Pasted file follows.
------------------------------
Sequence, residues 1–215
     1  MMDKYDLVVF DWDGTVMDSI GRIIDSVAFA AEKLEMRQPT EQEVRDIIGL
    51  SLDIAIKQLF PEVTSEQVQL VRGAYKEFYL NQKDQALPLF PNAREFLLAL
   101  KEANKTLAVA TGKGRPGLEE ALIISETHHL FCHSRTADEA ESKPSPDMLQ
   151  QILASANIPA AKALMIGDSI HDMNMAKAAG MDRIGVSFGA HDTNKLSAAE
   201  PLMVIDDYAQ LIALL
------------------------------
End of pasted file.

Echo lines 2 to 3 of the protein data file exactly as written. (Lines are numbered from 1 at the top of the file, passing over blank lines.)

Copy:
     1  MMDKYDLVVF DWDGTVMDSI GRIIDSVAFA AEKLEMRQPT EQEVRDIIGL
    51  SLDIAIKQLF PEVTSEQVQL VRGAYKEFYL NQKDQALPLF PNAREFLLAL